3. Place the difference between the mean price (or mixture rate) and that of each of the simples, opposite to the rates with which they are connected.

4. Then, if only one difference stand against any rate, it will be the quantity belonging to that pate ; but if there be several, their sum will be the quantity. *

EXAMPLES.

1. A merchant has spices, some at 1s. 6d. a Ib. some at 2s. some at 48. and some at 58. a lb. : How much of each sort must he mix, that he may sell the mixture at 3s. 4d. a Ib. ?

* By connecting the less rate to the greater, and placing the difference between them and the mean rate alternately, the quantities resulting are such, that there is precisely as much galnod by one quantity as is lost by the other, and therefore the gaio and loss upon the whole are equal, and are exactly the proposed rate.

In like manner, let the number of simples be what it may, and with how many soever each one is linked, since it is always a less with a greater than the mean price, there will be an equal balance of loss and gain between every two, and consequently an equal balance on the whole.

If any of the simples be of little or no value with respect to the rest, its rate is supposed to be nothing; as water mixed with wine, and alloy with gold or silver.

301. How do you find the quantity of each ingredient, when the mean rate of the whole mixture, and the rates of all the ingredients are given, and the quantity not limited ?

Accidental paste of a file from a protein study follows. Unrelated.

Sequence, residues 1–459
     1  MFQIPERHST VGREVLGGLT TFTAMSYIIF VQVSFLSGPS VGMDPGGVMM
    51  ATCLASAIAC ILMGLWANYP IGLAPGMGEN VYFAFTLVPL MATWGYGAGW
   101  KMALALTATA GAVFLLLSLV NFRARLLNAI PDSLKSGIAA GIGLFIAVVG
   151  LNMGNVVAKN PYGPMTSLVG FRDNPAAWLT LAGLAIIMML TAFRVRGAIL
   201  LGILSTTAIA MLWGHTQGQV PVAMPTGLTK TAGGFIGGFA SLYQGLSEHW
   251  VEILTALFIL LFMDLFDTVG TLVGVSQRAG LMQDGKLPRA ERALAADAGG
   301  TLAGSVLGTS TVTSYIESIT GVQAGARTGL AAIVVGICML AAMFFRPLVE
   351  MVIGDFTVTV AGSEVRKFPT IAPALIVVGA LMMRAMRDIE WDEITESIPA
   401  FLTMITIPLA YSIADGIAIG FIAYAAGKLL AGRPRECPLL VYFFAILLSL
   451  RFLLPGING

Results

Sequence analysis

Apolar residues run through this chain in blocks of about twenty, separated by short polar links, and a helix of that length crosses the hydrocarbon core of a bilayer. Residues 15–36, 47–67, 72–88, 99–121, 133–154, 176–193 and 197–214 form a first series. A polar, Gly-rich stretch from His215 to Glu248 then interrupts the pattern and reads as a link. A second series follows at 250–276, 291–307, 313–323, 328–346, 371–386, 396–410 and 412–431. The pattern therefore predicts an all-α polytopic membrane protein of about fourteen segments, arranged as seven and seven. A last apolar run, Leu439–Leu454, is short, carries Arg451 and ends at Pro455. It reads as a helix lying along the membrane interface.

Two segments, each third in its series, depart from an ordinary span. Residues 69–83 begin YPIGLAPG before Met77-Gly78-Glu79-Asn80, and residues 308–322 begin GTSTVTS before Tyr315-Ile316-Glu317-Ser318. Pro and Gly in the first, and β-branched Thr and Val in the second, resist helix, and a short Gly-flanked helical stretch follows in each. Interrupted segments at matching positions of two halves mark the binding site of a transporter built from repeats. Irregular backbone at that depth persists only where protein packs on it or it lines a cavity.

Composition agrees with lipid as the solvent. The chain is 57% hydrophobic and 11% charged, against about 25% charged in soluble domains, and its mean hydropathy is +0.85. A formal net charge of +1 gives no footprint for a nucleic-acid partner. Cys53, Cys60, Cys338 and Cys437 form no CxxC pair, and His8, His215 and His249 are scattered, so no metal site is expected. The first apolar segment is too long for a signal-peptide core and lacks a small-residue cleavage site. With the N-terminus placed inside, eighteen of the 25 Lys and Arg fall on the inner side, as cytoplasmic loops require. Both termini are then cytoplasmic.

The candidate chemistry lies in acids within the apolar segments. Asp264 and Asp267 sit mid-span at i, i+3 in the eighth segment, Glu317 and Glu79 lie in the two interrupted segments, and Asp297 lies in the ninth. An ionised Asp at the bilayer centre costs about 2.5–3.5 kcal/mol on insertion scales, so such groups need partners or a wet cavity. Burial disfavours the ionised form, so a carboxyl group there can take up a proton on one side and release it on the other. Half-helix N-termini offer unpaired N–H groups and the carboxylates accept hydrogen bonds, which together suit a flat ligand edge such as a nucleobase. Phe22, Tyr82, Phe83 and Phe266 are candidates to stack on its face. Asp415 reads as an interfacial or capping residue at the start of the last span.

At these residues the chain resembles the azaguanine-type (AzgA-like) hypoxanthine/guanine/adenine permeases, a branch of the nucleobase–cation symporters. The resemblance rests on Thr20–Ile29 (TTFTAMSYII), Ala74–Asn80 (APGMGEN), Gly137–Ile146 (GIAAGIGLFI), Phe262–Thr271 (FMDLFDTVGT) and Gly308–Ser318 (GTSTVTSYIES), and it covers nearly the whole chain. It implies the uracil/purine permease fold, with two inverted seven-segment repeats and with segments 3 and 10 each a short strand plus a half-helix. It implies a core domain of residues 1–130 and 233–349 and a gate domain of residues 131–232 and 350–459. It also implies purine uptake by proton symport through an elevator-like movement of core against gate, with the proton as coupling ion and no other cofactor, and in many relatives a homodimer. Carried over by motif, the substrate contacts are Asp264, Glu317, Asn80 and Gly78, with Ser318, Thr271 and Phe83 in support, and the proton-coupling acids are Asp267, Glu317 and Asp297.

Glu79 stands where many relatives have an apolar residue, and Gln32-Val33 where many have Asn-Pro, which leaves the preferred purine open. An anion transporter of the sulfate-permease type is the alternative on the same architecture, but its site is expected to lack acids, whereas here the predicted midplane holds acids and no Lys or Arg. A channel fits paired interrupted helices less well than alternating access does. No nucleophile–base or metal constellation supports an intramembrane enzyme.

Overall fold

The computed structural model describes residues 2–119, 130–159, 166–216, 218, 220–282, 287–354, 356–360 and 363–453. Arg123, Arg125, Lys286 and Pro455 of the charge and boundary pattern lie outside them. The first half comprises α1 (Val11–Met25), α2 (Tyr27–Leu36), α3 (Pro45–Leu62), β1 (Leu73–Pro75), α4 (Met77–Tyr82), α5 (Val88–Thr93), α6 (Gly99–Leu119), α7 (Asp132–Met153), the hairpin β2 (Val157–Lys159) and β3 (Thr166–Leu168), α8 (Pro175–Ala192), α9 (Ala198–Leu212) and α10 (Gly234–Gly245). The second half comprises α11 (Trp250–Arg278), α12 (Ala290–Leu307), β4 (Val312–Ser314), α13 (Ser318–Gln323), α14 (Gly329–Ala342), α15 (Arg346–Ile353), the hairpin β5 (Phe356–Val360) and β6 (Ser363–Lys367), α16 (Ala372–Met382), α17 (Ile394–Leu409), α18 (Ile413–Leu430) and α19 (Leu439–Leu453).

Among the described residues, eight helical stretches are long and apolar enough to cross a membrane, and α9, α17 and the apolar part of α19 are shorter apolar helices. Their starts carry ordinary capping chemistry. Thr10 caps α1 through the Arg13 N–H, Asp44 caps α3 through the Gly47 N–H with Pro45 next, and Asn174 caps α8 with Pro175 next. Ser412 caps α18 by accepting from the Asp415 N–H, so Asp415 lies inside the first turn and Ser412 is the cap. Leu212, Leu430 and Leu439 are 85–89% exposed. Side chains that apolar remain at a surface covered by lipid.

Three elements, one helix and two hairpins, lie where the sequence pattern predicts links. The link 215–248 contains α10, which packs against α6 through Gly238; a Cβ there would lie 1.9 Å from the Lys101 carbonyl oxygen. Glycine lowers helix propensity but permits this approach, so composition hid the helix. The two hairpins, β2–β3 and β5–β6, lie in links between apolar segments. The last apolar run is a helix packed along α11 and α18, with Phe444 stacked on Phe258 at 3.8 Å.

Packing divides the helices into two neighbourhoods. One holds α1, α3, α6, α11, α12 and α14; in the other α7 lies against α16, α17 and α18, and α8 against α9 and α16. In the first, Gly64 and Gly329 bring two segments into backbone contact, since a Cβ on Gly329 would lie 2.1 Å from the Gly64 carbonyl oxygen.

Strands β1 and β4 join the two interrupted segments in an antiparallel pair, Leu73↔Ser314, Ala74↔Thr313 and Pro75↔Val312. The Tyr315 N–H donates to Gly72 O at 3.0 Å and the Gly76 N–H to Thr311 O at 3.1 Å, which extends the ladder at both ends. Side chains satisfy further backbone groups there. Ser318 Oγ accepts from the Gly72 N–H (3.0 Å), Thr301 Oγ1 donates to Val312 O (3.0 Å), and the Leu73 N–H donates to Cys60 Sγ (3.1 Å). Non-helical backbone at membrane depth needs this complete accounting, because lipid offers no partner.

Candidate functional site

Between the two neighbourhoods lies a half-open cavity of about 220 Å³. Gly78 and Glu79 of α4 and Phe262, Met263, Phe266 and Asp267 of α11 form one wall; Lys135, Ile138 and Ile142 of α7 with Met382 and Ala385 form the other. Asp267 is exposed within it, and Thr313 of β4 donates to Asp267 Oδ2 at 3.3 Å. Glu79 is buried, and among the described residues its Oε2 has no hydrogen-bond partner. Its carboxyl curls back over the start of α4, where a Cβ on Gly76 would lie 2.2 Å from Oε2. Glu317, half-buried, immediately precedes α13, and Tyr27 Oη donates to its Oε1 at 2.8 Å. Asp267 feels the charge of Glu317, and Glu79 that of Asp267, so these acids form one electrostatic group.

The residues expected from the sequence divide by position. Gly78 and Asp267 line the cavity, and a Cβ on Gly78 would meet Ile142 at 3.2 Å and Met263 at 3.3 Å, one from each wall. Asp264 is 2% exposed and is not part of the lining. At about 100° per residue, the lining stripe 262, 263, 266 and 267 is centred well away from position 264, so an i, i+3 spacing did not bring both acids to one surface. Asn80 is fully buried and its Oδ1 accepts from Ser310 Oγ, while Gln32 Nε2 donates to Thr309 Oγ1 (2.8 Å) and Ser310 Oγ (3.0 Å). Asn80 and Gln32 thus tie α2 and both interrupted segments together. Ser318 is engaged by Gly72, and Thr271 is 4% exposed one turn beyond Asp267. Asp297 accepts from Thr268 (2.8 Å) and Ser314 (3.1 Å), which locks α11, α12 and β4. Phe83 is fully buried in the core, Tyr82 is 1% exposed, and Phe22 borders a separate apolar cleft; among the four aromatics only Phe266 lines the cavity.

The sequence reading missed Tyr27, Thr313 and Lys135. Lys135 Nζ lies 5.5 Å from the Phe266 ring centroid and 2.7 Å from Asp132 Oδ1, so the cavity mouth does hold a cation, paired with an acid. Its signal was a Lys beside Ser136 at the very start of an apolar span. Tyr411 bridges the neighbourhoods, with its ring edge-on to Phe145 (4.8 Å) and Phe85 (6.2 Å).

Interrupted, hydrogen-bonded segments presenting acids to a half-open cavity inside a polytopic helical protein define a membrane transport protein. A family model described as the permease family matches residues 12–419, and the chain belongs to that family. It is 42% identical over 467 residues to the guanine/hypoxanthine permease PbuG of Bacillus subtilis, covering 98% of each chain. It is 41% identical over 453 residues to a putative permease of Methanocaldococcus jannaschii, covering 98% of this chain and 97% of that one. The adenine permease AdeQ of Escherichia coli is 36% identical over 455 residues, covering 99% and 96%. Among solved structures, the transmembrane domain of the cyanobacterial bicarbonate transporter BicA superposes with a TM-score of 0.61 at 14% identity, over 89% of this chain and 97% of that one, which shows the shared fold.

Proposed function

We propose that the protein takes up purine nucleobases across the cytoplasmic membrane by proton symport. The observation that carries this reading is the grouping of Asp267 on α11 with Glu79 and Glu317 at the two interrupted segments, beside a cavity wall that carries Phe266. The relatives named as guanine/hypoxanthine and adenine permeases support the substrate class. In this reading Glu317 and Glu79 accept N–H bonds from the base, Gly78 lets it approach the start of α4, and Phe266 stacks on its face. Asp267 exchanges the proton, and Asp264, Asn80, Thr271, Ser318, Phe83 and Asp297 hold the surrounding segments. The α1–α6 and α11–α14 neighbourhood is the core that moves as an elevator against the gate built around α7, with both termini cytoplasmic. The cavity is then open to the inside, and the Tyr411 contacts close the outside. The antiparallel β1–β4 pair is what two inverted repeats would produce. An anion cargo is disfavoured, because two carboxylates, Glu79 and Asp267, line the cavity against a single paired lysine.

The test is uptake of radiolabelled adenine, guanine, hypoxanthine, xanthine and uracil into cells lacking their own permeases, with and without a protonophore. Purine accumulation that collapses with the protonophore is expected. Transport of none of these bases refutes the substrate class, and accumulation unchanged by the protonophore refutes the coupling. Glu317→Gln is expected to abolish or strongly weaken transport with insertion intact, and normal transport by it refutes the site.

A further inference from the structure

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NOTE. Questions in this case admit of as many answers, as there are various ways of connecting the rates of the ingredients together.

2. A grocer would mix the following qualities of sugar ; viz. at 10 cents, 13 cents, and 16 cents a pound; what quantity of cach sort must be taken to make a mixture worth 12 cents a pound?

5 lbs. at 10 cts. Aos. % lbs. at 13 cts.

2 lbs. at 16 cts.

3. It is required to mix rum at 80 cents, and at 70 cents a gallon with water, that the mixture may be worth 75 cents a gallon ; what quantity of each must be taken ?

80 galls. at 80 cts. Ans. 5 galls. at 70 cts.

5 galls. of water.

# A goldsmith would mix gold of 19 carats fine, with some of 16, 18, 23, and 24 carats fine, so that the compound may be 21 carats fine ; what quantity of each must be take?

5 oz. of 16 carats fine.

5 oz. of 18 carats fine. Ans. 5 cz, of 19 carats fine.

10 oz. of 23 carats fine. 10 oz. of 24 carats fine.